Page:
Roma Discriminated against in Access to Social Benefits in Serbia
10 May 2003
On October 18, 2002, Ms Ljubica Durmišević, an unemployed 24-year-old Romani woman from Niš in southern Serbia, testified to the ERRC, in partnership with the Belgrade-based non-governmental organisation Minority Rights Center (MRC), that she had given birth to a child three months earlier. According to Ms Durmišević, since giving birth, she had been trying to collect the documents necessary to receive child allowance from the "Sveti Sava" Centre for Social Work in Niš, but still had to get two documents. Ms Durmišević reported that, on the various occasions when she was at the Centre, she was told to come back at a later date. Employees at the Centre reportedly treated Ms Durmišević badly and looked at her as if she had no right to be there. As of December 18, 2002, Ms Durmi-šević had still not received her child allowance.
In another case, on October 8, 2002, Ms Dragica Vasić, a 20-year-old Romani woman from Niš, told the ERRC/MRC, that she and her husband were both unemployed and that they did not receive any kind of social aid. In September 2002, an employee of the "Sveti Sava" Centre reportedly told Ms Vasić and her husband that they did not qualify for social aid because only the sick have this right. She also claimed that she was not paid the allowance automatically paid to childbearing women, equivalent to 56,000 Yugoslavian dinars (approximately 917 Euro).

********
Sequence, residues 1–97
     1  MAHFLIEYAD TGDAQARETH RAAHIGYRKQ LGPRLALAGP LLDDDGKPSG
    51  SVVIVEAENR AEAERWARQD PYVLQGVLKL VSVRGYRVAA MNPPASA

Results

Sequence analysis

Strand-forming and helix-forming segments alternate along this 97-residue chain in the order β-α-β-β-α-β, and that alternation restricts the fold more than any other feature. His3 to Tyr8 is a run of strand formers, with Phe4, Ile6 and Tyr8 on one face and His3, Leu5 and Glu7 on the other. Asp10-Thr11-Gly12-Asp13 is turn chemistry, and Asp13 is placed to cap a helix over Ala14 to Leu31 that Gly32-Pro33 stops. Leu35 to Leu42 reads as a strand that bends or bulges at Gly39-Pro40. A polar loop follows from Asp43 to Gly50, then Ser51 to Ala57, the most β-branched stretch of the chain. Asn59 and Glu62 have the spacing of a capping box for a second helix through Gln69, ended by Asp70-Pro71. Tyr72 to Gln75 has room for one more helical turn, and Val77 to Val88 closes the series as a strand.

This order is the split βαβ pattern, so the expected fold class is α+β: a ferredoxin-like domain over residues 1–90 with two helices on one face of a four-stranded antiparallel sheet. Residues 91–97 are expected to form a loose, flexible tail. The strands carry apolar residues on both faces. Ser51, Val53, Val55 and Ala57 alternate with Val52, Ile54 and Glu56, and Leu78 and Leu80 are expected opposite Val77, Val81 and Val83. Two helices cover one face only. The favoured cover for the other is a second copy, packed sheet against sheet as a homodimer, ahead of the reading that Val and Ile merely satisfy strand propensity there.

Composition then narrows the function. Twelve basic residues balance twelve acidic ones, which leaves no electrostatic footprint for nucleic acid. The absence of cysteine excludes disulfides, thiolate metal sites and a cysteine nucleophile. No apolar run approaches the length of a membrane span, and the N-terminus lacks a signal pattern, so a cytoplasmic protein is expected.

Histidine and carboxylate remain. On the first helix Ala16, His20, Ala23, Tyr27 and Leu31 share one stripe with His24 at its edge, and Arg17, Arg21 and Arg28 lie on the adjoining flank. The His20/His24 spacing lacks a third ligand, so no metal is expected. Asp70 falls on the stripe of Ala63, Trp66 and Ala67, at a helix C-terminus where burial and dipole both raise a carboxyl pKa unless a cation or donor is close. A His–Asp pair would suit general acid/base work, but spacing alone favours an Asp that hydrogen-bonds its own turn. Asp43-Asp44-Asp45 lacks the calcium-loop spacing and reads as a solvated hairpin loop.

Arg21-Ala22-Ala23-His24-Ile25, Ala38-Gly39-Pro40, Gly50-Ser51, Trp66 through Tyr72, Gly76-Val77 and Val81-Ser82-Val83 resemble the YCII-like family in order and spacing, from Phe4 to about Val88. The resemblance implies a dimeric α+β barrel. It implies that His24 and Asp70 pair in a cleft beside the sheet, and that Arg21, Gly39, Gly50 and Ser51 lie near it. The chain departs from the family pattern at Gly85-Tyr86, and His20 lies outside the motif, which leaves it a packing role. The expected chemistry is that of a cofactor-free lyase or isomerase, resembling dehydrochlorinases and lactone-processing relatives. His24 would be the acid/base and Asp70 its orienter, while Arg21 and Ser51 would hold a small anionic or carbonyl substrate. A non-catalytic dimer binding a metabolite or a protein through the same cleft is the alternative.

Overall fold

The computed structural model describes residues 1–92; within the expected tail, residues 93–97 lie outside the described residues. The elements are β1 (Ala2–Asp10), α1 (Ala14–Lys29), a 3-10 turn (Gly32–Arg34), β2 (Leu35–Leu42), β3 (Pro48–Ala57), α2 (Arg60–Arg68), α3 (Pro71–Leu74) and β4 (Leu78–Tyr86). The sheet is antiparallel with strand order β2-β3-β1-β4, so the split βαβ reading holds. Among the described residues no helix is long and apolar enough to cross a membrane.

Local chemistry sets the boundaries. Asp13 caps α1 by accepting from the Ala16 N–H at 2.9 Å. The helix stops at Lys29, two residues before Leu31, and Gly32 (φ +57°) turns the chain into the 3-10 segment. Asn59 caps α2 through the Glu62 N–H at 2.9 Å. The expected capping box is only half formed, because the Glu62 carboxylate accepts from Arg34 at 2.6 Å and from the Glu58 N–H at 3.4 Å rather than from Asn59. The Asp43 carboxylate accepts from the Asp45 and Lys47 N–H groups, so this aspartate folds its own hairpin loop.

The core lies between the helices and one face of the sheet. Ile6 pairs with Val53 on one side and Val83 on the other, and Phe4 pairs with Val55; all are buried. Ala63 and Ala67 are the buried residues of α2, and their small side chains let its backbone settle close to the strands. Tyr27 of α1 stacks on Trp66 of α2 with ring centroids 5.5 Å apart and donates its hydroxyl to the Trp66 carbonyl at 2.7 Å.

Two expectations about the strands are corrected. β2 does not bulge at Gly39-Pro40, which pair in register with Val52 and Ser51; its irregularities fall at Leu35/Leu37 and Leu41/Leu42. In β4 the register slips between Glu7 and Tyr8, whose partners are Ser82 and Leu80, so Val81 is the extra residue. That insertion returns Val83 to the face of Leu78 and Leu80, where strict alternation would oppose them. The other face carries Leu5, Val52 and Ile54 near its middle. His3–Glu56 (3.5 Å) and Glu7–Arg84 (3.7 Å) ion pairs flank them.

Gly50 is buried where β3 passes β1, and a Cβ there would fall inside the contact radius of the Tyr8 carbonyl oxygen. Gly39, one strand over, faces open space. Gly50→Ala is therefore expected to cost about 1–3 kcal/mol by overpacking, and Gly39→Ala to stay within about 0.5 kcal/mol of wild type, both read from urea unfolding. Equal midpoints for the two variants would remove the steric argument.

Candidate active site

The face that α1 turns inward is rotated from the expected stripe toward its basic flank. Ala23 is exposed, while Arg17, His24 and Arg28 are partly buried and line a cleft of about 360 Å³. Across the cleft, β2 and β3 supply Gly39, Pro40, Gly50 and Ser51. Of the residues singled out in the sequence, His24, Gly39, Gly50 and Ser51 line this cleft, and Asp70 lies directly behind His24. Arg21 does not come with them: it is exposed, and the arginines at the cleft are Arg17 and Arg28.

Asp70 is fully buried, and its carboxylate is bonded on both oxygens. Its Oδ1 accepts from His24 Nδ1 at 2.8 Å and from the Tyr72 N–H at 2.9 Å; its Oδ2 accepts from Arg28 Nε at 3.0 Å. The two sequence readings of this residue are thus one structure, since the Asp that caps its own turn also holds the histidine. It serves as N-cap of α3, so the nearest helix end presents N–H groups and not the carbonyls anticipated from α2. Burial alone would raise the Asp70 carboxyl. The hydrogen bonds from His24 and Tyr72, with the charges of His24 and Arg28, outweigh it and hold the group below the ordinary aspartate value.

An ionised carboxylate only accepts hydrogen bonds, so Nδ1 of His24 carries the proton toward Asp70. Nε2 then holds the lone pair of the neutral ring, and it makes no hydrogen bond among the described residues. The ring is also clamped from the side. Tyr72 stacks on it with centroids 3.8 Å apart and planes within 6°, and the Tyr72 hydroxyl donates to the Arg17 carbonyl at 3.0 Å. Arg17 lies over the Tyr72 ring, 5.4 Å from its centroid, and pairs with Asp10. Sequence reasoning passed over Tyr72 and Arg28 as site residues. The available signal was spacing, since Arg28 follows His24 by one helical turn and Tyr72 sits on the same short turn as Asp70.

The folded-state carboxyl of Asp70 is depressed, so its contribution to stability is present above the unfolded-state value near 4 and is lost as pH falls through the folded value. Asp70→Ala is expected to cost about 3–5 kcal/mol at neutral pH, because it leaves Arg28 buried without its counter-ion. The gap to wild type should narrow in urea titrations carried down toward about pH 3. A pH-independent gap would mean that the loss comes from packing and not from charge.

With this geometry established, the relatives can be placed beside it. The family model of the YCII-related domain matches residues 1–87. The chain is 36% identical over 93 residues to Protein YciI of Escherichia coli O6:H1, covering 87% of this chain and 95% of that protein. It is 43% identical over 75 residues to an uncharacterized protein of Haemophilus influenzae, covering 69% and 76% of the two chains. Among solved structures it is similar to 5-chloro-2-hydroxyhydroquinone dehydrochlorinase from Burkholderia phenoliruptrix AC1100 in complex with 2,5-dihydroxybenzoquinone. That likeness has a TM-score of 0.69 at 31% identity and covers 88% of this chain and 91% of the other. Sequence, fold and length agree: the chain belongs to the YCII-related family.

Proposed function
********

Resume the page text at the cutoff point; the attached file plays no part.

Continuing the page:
On the same day, Ms Đulizara Malićević, a 45-year-old Romani woman from Niš, testified to the ERRC/MRC that she had medical papers that certify she is a heart patient with high blood pressure. Despite this, the Centre reportedly denied Ms Malićević access to social aid in 2001 and August 2002, on the grounds that she was able to work. According to her statement, Ms Malićević is forced to sell goods at fairs to survive, even though this could endanger her health.
On October 10, 2002, the ERRC/MRC spoke with Mr Tomislav Stojanović, a statistician at the "Sveti Sava" Centre. Mr Stojanović stated that, as of the last analysis performed two years previous, Roma accounted for one third of social aid recipients in Niš. However, Mr Stojanović expressed the belief that this number should be higher because social aid workers hold discriminatory against Roma. Mr Stojanović further stated to the ERRC/MRC that Roma receive only a portion of the actual amount of social aid that they are entitled to.
Article 9 of the International Covenant on Economic, Social and Cultural Rights, to which Yugoslavia succeed on March 12, 2001, states, "The States Parties to the present Covenant recognize the right of everyone to social security, including social insurance."